Today’s plant is Stachys byzantina, more commonly known as Lamb’s Ear, Rabbit’s Ear, or Donkey’s Ear (i.e. pretty much any long-eared furry mammal). For anyone who has never heard of Lamb’s Ear, it is the plant you so DESPERATELY want to PET. Well, I always do anyway. Every time I walk by this particular plant, I have the irresistible urge to run its soft, downy leaves between my fingers and imagine myself petting a small kitten, puppy, or rabbit. Covered in a dense silvery “fur” these plants are irresistible to both children and adults, gardener and non-gardener alike, and for this reason, work great in sensory and children’s gardens (or let’s be honest pretty much any garden) where touch is an important component to the overall experience. Their low growing and intertwining growth pattern also makes them a great groundcover option.
Although most often utilized for ornamental purposes (due to the aforementioned softness appeal and look), Lamb’s Ear also possesses medicinal and culinary uses. When harvested, dried, and steeped in boiling water, the leaves can be utilized to make a rather refreshing tea. Eaten raw or as steamed greens, it can add texture to an albeit rather fuzzy salad or stir-fry. Utilized in a medicinal salve or dressing, it can help to stop bleeding in small cuts or wounds. In other words, Lamb’s Ear is human, pet, and curiously-teething-on-everything two-year old safe.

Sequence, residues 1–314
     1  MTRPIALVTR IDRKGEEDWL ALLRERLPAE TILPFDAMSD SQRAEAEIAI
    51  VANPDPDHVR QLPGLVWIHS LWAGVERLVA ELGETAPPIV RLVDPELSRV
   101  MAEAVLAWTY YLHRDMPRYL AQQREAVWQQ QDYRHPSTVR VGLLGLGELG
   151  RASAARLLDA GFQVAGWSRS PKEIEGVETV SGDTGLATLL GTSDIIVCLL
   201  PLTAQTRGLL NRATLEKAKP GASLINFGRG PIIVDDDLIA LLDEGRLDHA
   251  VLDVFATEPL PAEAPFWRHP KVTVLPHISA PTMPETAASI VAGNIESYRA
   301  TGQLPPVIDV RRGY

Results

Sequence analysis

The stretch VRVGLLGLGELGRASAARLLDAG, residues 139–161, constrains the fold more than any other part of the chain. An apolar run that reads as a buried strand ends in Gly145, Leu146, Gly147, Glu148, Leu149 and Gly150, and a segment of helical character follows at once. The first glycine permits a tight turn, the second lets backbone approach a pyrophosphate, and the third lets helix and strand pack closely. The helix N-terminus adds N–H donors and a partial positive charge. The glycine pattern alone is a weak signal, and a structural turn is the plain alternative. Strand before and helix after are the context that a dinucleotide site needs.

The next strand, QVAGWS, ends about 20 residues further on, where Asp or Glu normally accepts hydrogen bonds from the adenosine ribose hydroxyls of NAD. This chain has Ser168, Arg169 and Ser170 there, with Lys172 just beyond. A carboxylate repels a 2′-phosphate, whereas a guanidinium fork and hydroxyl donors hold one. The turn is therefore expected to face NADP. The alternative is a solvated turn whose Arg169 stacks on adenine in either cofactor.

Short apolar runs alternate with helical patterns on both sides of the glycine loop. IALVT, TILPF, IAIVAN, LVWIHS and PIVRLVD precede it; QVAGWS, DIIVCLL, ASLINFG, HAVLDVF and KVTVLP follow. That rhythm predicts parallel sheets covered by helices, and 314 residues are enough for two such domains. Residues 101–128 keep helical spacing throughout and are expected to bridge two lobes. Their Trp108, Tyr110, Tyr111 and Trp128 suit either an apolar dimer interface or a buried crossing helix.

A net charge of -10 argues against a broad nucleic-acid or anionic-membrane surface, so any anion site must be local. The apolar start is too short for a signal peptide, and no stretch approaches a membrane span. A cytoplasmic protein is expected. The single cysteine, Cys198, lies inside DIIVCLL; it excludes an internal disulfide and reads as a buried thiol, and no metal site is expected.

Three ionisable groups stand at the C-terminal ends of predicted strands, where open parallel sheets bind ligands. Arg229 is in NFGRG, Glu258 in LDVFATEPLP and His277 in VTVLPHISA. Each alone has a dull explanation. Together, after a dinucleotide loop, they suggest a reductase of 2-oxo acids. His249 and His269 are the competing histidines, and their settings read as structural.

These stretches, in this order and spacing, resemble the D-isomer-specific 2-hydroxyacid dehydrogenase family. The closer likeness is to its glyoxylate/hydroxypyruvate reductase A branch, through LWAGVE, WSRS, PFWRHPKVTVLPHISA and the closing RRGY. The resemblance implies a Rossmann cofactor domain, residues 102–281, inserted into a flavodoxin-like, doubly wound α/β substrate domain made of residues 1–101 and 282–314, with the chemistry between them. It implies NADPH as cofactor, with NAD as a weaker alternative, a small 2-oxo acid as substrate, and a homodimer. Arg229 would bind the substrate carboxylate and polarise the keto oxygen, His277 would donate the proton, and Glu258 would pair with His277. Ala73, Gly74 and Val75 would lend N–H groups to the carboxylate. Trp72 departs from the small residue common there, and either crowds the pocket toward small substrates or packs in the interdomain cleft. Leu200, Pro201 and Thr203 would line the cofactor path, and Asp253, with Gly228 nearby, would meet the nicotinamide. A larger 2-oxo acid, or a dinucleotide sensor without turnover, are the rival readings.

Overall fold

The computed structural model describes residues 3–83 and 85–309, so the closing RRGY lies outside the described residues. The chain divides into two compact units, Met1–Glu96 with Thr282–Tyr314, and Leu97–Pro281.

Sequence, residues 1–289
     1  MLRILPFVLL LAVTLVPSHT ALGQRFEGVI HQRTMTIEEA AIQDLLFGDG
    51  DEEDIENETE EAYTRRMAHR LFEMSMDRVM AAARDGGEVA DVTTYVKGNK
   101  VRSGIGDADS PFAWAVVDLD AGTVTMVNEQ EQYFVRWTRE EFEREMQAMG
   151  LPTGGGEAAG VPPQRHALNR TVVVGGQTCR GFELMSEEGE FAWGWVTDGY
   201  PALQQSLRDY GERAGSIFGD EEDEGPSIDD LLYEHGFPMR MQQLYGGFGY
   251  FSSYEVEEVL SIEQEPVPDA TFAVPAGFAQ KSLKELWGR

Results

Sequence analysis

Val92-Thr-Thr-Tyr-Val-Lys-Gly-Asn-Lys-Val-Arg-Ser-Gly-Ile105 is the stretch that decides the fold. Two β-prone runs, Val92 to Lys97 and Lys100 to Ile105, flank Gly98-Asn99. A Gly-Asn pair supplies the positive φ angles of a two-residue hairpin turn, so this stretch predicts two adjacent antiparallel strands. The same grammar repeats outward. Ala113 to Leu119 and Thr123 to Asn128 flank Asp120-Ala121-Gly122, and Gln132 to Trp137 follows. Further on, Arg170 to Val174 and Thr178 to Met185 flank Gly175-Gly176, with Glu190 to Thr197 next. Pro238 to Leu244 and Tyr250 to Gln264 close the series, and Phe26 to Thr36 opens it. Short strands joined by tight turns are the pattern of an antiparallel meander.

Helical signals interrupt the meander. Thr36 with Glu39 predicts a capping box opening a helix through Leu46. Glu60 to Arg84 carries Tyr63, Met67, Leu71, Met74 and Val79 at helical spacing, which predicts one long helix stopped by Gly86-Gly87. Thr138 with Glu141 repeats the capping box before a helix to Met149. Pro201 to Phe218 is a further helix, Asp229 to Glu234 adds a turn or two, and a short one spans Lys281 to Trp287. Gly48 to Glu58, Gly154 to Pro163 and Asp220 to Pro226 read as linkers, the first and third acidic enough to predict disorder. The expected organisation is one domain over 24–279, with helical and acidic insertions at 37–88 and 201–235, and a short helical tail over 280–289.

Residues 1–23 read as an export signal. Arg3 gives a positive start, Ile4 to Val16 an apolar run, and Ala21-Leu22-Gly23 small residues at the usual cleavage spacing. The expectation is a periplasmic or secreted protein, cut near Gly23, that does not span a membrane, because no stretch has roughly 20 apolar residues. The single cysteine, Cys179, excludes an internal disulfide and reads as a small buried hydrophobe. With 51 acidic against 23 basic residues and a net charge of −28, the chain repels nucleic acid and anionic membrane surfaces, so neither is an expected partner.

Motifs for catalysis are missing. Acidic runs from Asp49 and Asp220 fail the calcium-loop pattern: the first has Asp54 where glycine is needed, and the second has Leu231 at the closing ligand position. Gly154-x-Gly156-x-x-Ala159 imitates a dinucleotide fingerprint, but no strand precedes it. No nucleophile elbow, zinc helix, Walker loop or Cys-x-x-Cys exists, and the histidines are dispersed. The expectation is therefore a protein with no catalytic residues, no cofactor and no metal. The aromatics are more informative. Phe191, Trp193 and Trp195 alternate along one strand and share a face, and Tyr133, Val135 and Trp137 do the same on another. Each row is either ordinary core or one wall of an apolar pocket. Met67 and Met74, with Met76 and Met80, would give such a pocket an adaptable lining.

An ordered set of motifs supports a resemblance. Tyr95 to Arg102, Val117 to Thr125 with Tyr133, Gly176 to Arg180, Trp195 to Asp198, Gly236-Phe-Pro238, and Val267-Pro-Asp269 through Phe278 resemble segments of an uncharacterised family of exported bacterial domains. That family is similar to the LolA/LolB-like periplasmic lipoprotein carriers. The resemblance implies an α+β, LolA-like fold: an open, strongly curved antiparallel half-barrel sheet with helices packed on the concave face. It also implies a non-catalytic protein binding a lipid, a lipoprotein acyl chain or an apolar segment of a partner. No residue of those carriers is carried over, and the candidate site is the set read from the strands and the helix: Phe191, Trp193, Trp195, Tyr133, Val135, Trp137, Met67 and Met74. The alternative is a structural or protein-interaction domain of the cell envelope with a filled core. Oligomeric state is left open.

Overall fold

Photo by Karelj
Lamb’s Ear (Stachys byzantina) grows best in zones 4-8, reaches a height of 6-12 inches with a spread up to 1 foot, prefers well-drained soils, flourishes best in full sun, blooms in early summer, is best known for its attractive foliage, and should be divided every 3-4 years to prevent leaf rot.
If you find Lamb’s Ear as irresistibly pettable as I do, contact us at 703-679-8550 today to learn how they can fit into YOUR landscape!